Good morning, RVA! It's 61 °F, and highs will settle in around 75 °F. Expect those clouds to stick around, though.
It’s primary day in Virginia! If you’re a Richmond City resident and looking to vote for a democrat, I have bad news: They’re all running unopposed (PDF). I mean, maybe that’s not bad news, but there’s no one for you to vote for today. If, however, you live in the 7th Congressional District, you’ve got the opportunity to vote for either Abigail Spanberger or Daniel Ward. Not sure what’s your situation? You can check your voter registration information here, which includes info on all of your various districts.
City Council met last night and approved the creation of a Human Rights Commission (and now I wonder how the nomination process for this commission works). They also heard public comment from community advocates and family members of Marcus-David Peters. Folks on Twitter were not happy about the lack of response from Council, and RVA Mag has a quick recap of some of those public comments. Since I’m a little confused about what exactly did or did not happened at the meeting, I’ll get the audio up over on The Boring Show as soon as it hits the City’s website.
While we’re talking City Council, Mark Robinson at the Richmond Times-Dispatch has an update on the Intermediate Terminal building. Council has pushed pause on any decision related to the demolition of the building while they wait on a National Register of Historic Places status update. I don’t know anything about this process, but it does not sound like a quick one.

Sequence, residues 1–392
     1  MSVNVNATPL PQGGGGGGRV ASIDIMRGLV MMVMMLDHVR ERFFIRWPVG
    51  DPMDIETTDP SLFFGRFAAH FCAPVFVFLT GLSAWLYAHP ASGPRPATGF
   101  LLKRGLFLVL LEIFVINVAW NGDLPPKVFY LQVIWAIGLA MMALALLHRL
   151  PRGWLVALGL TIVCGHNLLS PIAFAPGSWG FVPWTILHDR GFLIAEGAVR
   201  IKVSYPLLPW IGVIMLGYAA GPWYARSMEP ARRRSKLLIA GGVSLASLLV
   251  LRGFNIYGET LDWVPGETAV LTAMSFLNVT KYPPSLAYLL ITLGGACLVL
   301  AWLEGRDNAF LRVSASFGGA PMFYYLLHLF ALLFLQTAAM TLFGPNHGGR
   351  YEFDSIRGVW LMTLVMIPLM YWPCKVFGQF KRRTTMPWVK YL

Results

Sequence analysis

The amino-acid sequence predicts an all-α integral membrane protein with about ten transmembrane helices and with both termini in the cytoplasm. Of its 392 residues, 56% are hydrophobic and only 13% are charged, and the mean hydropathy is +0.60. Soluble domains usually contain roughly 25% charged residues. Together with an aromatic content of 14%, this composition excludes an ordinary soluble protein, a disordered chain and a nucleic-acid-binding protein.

I meant to link to this yesterday but totally forgot: Superintendent Jason Kamras’s regularly scheduled email from this past Friday breaks down RPS’s budget by operating and capital—and then explains the difference between the two! Basic municipal budget knowledge is not a thing a normal person should be expected to just know, and as a result folks often advocate for impossible things. Civics lessons, like this one from our educator in chief, that move everyone toward a better understand of how government works are an excellent idea, and I’m surprised no one had thought of doing it before.
Tomorrow at 6:00 PM, Housing Opportunities Made Equal and the VCU Douglas Wilder School of Government and Public Affairs will host a lecture by Richard Rothstein, author of _The Color of Law_, one of the books about redlining and systemic residential segregation. This event is free, open to the public, and guaranteed to be fascinating.
Reminder: The Carytown itteration of the Richmond 300 parking meetings takes place this morning at 8:00 AM at Studio Two Three (3300 W. Clay Street).
There are many things of which I know nothing about, but diplomatic relations on the Korean Peninsula has to be close to the top of that list. That said, here’s a Twitter thread about Trump’s meeting with Kim Jong-un that feels like it makes sense. CNN has the full text of the document the two of them signed.
- Squirrels host Portland tonight at 6:35 PM and tickets are, of course, available online.
- Kickers take on Penn FC tonight at 7:00 PM. You can join other fans locally and watch at Vasen Brewing.
- Nats begin a series against the Yankees tonight at 7:05 PM.
This morning's longread
While most of y’all are not reporters, I still think reporting guidelines are useful for normal folks. When you read local or national reporting on suicide, how many of these guidelines are followed? How many are disregarded for the sake of more clicks?
Suicide is a public health issue. Media and online coverage of suicide should be informed by using best practices. Some suicide deaths may be newsworthy. However, the way media cover suicide can influence behavior negatively by contributing to contagion or positively by encouraging help-seeking.
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